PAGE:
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Open Access Research

Differences in health care seeking behaviour between rural and urban communities in South Africa

Marinka van der Hoeven1*, Annamarie Kruger2 and Minrie Greeff2

Author Affiliations

1 Africa Unit for Transdisciplinary Health Research (AUTHeR) and Centre of Excellence for Nutrition (CEN), Faculty of Health Sciences, North-West University, Potchefstroom Campus, Private Bag x6001, Potchefstroom, 2520, South Africa

2 Africa Unit for Transdisciplinary Health Research (AUTHeR), Faculty of Health Sciences, North-West University, Potchefstroom Campus, Private Bag x6001, Potchefstroom, 2520, South Africa

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International Journal for Equity in Health 2012, 11:31  doi:10.1186/1475-9276-11-31

Published: 12 June 2012

Abstract

Objective

The aim of this study was to explore possible differences in health care seeking behaviour among a rural and urban African population.

Design

A cross sectional design was followed using the infrastructure of the PURE-SA study. Four rural and urban Setswana communities which represented different strata of urbanisation in the North West Province, South Africa, were selected. Structured interviews were held with 206 participants. Data on general demographic and socio-economic characteristics, health status, beliefs about health and (access to) health care was collected.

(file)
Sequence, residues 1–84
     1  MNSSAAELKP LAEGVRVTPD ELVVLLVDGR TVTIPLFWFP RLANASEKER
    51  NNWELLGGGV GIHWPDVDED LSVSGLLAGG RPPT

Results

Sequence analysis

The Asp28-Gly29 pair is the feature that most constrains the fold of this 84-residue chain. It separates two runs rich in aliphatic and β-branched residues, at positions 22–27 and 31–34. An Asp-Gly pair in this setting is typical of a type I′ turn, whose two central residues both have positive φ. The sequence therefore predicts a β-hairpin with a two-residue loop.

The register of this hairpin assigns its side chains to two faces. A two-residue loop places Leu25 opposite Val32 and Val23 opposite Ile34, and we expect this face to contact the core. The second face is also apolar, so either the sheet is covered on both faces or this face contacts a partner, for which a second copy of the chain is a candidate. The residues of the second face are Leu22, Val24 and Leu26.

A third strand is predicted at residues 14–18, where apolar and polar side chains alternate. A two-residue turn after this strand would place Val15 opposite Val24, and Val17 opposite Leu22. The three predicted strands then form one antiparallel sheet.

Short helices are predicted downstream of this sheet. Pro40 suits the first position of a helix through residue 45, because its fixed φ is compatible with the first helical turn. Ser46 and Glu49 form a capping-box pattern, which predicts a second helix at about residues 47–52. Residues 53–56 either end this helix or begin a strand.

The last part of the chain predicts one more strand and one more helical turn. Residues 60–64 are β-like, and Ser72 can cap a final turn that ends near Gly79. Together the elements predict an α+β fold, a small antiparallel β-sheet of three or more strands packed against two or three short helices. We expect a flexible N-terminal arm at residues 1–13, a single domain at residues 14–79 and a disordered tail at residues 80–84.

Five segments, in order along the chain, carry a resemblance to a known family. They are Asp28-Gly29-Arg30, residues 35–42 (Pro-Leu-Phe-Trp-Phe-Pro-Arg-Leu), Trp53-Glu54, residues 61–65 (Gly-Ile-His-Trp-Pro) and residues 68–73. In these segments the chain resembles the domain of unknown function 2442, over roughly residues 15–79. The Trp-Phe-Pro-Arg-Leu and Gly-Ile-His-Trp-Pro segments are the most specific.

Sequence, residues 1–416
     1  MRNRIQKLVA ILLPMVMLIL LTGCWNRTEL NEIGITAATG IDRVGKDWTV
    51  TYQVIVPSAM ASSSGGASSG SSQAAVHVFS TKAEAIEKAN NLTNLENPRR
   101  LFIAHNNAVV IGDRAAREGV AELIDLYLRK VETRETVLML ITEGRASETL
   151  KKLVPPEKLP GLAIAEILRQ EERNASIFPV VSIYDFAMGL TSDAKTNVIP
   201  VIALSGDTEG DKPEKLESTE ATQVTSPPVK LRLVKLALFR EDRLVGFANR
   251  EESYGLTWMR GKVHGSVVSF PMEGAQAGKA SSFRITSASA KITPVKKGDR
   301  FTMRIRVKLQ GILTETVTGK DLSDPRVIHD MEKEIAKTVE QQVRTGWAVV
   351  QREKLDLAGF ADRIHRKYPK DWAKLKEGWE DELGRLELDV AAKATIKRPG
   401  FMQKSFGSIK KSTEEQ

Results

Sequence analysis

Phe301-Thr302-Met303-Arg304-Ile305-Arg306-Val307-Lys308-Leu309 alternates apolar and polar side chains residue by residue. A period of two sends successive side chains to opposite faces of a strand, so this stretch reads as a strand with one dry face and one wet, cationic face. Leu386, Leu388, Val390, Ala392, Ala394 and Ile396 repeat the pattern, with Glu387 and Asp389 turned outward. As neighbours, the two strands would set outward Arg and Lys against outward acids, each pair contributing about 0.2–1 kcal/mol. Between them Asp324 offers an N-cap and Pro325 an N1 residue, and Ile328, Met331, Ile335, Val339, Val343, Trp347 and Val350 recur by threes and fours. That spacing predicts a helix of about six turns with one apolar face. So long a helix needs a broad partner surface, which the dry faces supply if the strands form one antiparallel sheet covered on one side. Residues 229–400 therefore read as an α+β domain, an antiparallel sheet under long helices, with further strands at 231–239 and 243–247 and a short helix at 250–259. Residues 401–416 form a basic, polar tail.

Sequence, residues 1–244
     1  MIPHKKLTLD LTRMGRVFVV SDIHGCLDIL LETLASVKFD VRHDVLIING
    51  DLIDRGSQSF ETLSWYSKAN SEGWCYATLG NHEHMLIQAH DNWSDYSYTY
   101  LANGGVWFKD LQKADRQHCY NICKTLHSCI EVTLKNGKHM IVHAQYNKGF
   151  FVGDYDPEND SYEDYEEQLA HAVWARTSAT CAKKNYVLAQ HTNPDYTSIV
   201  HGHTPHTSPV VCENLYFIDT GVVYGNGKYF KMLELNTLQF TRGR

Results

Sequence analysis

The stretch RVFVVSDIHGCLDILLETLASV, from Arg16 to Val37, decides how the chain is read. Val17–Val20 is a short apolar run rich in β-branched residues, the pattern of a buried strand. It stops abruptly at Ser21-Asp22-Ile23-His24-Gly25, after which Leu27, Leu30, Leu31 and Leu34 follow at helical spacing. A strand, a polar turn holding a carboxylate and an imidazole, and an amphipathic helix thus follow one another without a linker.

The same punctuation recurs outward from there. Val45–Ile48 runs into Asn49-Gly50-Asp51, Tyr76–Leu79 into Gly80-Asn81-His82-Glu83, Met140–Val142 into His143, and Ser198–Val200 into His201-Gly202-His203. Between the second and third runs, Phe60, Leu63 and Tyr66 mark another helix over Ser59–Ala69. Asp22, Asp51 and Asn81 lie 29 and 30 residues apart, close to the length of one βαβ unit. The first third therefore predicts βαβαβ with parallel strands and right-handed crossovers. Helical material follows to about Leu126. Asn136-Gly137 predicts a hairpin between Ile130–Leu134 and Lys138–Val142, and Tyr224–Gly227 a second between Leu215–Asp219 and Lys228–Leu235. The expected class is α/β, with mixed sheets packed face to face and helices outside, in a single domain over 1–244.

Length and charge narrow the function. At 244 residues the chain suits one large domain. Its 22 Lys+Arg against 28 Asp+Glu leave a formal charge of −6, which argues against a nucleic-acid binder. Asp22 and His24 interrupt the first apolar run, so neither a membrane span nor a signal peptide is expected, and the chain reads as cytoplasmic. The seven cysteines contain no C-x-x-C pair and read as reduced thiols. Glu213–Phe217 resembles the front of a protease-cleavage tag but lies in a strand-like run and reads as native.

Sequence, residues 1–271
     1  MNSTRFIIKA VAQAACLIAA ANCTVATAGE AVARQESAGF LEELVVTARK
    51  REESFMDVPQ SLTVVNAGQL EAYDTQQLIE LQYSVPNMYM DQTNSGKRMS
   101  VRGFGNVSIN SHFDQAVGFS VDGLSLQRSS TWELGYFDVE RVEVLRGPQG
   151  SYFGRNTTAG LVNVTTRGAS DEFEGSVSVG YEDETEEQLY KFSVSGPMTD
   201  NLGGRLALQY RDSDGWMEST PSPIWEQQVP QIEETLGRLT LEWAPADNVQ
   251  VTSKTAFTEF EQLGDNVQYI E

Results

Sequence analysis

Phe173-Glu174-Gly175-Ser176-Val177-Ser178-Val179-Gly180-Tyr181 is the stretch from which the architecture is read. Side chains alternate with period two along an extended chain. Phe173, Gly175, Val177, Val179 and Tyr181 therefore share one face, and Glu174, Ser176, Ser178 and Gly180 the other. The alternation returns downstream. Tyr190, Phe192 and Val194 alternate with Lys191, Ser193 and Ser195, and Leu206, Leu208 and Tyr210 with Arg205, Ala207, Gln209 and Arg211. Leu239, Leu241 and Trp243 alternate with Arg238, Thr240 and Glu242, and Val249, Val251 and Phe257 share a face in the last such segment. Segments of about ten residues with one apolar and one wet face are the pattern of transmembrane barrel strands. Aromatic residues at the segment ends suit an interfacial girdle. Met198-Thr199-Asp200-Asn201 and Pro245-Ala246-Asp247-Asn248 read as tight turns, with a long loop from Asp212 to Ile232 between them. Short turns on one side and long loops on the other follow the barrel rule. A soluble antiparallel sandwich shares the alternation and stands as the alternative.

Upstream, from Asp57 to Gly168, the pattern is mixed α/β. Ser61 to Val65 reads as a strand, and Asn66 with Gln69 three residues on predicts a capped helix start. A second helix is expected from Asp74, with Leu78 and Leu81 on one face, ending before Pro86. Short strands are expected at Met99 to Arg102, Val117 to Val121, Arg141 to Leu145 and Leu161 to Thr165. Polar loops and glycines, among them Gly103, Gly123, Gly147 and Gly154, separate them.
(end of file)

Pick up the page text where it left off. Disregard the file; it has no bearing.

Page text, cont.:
Results

The results clearly illustrated differences in socio-economic characteristics, health status, beliefs about health, and health care utilisation. In general, inhabitants of urban communities rated their health significantly better than rural participants. Although most urban and rural participants consider their access to health care as sufficient, they still experienced difficulties in receiving the requested care. The difference in employment rate between urban and rural communities in this study indicated that participants of urban communities were more likely to be employed. Consequently, participants from rural communities had a significantly lower available weekly budget, not only for health care itself, but also for transport to the health care facility. Urban participants were more than 5 times more likely to prefer a medical doctor in private practice (OR:5.29, 95% CI 2.83-988).

Conclusion

Recommendations are formulated for infrastructure investments in rural communities, quality of health care and its perception, improvement of household socio-economical status and further research on the consequences of delay in health care seeking behaviour.

Keywords:
Accessibility; Health care seeking behaviour; Quality; Rural community; Urban community